I'm baaaaaaaaack! And oh, how awesome it is to have The Lost Heiress turned in and be free to catch up on other things. =)
One of which is my opinion on the wrap-up of AMC's first season of Turn. I was a couple weeks behind on watching due to the hockey finals and traveling...and for a few weeks there I really wasn't sure what I could say anyway. I didn't know how to put my finger on why the show was bugging me, other than the rather blatant ignoring of actual history (which I recognize most viewers wouldn't even recognize, having not studied it as I did for Ring of Secrets).
Then they helped me out by making it very clear--adultery ain't cool, man. Especially when it's (a) not accurate to history, (b) unnecessary, and (c) used to try to appeal to the viewers.
In a previous post after the first episode, I'd noted (with no complaints) some of the ways the show was fictionalizing history. And I'm quite obviously FINE with fictionalizing history, LOL. At first, I thought they were doing a grand job of doing so, too. They were putting key players together who really weren't in reality, but that was okay. It was the for the sake of tension, and I really liked how they played off each other.
But here's where they failed. They took the historical figure of Abraham Woodhull, who was in reality a farmer with firm Patriot roots who took great joy in pulling the wool over the British's eyes, and turned him into a character who wasn't sure what he believed, who was constantly changing his mind, and who had to be bullied into his role in the Culper Ring. Worse, they took a man of strong faith and made him a murderer, an adulterer, and absent any moral compass.
The Abraham Woodhull I read about in Washington's Spies was a wee bit skittish, had opinions he shared too freely in his letters to Washington, but was a good man. A likeable man. One I cheered for when reading history.
I don't want to cheer for Turn's Abe anymore.
Largely because of the adultery. In reality, Abe wasn't married at the time. In reality, Anna Strong was a decade older than him, never a love interest. And while fiction-writer-Roseanna is all for introducing a made-up romance (ahem), why why WHY did they have to make it result in adultery??
Anna, at least, thought her husband dead. But Abe. Why give him a wife, just to have him cheat on her? And why did the show assume that would make viewers like them? I guess their thought was to appeal to our desire for love. Yes, we can feel sorry for a character who married a girl he didn't even know for noble reasons and then was still pulled toward his childhood sweetheart. But appealing to our base instincts--the ones that say Feeling is more important than commitment. What you want is more important than what's right. The pleasurable is more important than the noble.--doesn't work. A good TV show will portray a character's failings in a way that makes us want them to be better. In a way that makes us ask ourselves what we'd do if put in such an impossible situation. In a way that makes us see the noble in the ignoble.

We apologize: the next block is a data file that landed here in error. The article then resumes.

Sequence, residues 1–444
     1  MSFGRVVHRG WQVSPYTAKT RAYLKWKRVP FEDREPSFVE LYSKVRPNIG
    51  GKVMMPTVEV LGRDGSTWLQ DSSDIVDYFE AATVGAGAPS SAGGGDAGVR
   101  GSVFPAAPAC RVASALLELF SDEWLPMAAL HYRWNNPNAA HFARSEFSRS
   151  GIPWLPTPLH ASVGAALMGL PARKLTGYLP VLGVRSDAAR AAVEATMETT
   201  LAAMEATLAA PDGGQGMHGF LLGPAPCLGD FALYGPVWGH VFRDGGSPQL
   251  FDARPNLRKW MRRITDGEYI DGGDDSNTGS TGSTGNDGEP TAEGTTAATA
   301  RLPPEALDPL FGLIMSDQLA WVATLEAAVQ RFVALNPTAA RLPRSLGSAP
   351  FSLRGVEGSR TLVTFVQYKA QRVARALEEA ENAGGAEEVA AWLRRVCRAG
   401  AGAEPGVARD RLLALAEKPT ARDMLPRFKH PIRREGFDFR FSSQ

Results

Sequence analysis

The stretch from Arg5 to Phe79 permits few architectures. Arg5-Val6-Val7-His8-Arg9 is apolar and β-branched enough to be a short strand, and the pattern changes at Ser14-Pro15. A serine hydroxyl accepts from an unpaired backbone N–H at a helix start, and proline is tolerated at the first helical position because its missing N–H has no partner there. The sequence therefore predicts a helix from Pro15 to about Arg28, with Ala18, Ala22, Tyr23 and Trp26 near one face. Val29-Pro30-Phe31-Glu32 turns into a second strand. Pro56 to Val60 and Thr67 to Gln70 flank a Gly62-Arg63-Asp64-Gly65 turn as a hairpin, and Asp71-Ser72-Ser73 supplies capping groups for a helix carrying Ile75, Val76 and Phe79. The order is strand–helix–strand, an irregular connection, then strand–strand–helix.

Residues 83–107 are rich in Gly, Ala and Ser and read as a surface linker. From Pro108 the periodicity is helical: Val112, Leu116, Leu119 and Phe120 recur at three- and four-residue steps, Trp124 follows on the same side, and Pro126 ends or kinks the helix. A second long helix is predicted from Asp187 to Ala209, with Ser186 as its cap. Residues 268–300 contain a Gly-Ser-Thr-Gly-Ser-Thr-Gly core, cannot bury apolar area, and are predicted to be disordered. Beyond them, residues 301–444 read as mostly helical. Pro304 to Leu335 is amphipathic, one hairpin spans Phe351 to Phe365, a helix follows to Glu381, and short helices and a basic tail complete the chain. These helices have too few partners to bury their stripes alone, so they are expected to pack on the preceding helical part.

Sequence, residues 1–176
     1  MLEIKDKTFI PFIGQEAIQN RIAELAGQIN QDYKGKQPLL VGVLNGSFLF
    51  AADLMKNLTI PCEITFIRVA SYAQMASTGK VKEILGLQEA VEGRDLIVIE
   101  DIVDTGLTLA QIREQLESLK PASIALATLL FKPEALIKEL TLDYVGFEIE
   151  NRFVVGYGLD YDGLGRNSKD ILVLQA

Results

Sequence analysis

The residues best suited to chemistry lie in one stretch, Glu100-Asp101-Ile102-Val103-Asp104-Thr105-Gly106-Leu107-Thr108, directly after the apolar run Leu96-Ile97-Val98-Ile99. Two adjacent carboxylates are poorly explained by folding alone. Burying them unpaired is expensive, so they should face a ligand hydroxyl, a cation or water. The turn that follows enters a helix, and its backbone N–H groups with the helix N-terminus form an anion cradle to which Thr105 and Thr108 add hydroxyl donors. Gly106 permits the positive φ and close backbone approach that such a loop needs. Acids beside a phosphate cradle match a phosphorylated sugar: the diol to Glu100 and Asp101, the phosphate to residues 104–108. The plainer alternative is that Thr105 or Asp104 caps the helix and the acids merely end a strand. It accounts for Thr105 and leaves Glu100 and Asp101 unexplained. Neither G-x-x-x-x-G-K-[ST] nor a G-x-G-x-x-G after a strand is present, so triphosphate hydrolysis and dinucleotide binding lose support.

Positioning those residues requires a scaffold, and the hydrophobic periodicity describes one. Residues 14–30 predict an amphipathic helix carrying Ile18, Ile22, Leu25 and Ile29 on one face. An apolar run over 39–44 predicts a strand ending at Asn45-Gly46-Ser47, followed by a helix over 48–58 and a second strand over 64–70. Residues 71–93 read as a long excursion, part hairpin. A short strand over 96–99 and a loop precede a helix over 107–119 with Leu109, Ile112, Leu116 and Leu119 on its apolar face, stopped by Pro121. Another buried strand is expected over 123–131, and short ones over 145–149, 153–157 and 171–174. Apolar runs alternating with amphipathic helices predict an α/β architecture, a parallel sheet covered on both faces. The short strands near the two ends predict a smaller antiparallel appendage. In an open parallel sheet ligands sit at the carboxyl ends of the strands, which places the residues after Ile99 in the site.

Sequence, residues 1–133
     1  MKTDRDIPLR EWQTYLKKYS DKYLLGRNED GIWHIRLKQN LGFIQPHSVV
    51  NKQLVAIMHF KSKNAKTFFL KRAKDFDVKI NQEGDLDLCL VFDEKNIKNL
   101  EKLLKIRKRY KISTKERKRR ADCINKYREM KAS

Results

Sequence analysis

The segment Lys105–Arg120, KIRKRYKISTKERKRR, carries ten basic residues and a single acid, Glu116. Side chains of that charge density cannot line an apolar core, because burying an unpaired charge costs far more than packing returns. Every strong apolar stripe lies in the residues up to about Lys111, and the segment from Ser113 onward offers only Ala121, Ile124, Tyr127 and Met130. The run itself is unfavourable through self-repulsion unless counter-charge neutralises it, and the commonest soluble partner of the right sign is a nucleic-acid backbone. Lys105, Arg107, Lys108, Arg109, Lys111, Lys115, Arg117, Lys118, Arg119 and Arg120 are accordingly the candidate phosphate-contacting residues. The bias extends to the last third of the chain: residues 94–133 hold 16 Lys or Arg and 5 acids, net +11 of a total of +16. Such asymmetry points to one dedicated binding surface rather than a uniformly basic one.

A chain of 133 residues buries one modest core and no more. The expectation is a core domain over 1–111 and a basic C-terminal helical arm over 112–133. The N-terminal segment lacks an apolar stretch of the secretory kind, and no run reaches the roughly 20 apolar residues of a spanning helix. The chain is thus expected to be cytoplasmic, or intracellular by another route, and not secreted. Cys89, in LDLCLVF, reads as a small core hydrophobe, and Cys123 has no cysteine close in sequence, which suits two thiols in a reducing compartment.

I didn't see that here. Instead, I saw the noble be eclipsed by the ignoble.
And they missed a key ingredient--guilt. People falter, people make mistakes, and I'm all for using that in a fictionalized story (even if it's a mistake the historical figures didn't make). But the story would have been richer if Anna and Abe felt some remorse for what they'd done instead of basically flaunting it for all to see. Can you imagine the outrage in a small New England town if he really dueled for her? If she really jumped out of her husband's boat and ran straight back into his arms?
In my opinion, that plot thread would have served the story much better had they left it at sexual tension. Have the Christmas scene where they almost falter, where Mr. Baker (best character they wrote!) interrupts. Leave that simmering between them, but give Abe a bit of a backbone. Have him care at least a little bit what he does to his family.
And that is, in my humble opinion, the other failure of the show. Abe isn't driven. Abe has no backbone. Oh, he takes a few risks...but they're not rooted in conviction.
What I love about the real historical Culper Ring is that they're all about conviction. They lack skill, they lack professionalism, they lack training--but they definitely, 100% have a deep-down, scared-but-willing belief in what they're doing. That, even before the adultery schtick, was what I was missing from the show. By all means, have them run scared now and then (the real people did). Have them second-guess whether they should pass something along for fear of getting caught (the real people did). Have them drive Washington slightly mad with their caution (the real people did). But give them the right heart.
The heart was what turned the real people into real, ordinary heroes.
The heart was what made me ask myself Would I be strong enough to do the same?
The heart is what has the potential to make viewers cheer through failures and setbacks and threat and victories.
Don't strip the characters of it.
Will I watch next season? Probably. Because I really, really, really want them to redeem this story. I want to like the characters, and I want them to eventually tell the story of the Culpers I love. But I gotta say, I'm disappointed. I had high hopes, I was ready to love this show and shout about it to the world. And instead, I spent a lot of episodes sighing and shaking my head.
And now I'm down to a hope for improvement next season.
Fingers crossed that Abe gets a backbone, conviction comes to call, and they find a new character to give a bit of morality to now that they killed off the one who had it before.